Mr Clifton-Brown also expressed concerns, but said that he was “not satisfied” that Cotswold District Council (CDC)’s planning committee had sufficient powers to reject developments on flooding grounds.

The MP has brought the issue up in Parliament, and is to meet planning minister Nick Boles MP at CDC’s offices to discuss it. He has also held flood meetings elsewhere in the district, including at South Cerney, Fairford and Moreton-in-Marsh.

Clerks & Councils Direct May 2014

AFTER one of the wettest winters on record, play areas and playing fields are coming out of their winter “break” and, with spring on our doorstep, can once again be enjoyed by children. It is important that councils undertake good checks for any damage caused to equipment and surfaces.
In particular, where there has been flooding, rubberised play area surfaces may have had their sub-base washed away and/or their loose-fill surfaces floated off. Excessive rain and a relatively mild winter may also have caused algae build-up on surfaces, making them slippery (if this is the case, pressure washing usually works).
Make sure that you have booked your annual RoSPA play area inspection – not only to protect children in your community, but also to protect against litigation in the event of an accident. To book an inspection, contact
Now is also the time to repair worn ground areas on playgrounds and playing fields. A cheap and effective way of doing this is to cut a piece of turf from the edge of the field and lay this to repair the worn area. You can then seed the area from which you have taken the turf; this method results in a quicker repair than seeding the worn areas themselves.
If you have a local handyman or volunteer who carries out routine inspections and maintenance, consider sending them on the relevant RoSPA course.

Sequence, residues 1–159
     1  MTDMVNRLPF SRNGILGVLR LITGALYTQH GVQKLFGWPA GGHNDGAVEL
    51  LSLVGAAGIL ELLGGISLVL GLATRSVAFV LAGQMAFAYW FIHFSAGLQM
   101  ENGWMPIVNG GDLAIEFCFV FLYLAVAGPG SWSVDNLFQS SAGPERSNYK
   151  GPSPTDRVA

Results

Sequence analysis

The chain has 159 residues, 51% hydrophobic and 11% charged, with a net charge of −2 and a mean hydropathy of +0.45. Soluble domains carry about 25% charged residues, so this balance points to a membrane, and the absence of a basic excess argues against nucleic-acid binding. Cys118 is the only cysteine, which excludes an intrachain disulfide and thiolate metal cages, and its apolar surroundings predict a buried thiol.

Contact Alyson Pugh on for details.

Clerks & Councils Direct March 2014

NEARLY 200 people attended a service outside Canvey Island Library on 1 February to commemorate the 60th anniversary of the 1953 floods that hit the east coast of the UK. The town council marked the anniversary, in partnership with Essex County Council, by unveiling a plaque and holding a short service, together with an exhibition of photographs, press cuttings and other items.
Guests included survivors and those who provided rescue services, some of whom had travelled from as far afi eld as France, the Netherlands and Cornwall. The new plaque, made of black granite, was funded by Canvey Island Town Council and was installed beside the existing flood memorial plaque.
Cllr Peter Greig, chairman of the town council, said: “This is not only an opportunity to remember those who died but also to acknowledge the survivors and be thankful to the many individual people and services who were involved in the rescue operations.”
The 1953 flood was one of Britain’s worst peacetime disasters, and Canvey Island was one of the worst affected areas. In the early hours of 1 February 1953, 58 islanders lost their lives and 11,000 residents were evacuated to rest centres on the mainland.

Clerks & Councils Direct March 2013

VILLAGERS in Burton, Dorset took advantage of a respite from snow and flooding to carry out an early spring clean. Ten residents targeted ditches and hedges and filled 18 bin bags in the space of two hours. Colin Jamieson, county and borough councillor for Burton, said that recent flooding had shown the importance of keeping ditches free from rubbish, which can block drains.

Clerks & Councils Direct March 2013

FOLLOWING serious flooding in November, Malmesbury is to create a major incident plan. The town council has asked former Metropolitan Police chief Phil Selwood, who lives in the area and who worked on the aftermath of the 7/7 London bombings, to lead a group to create an emergency response scheme that will help residents deal with anything from extreme weather and natural disasters to plane crashes.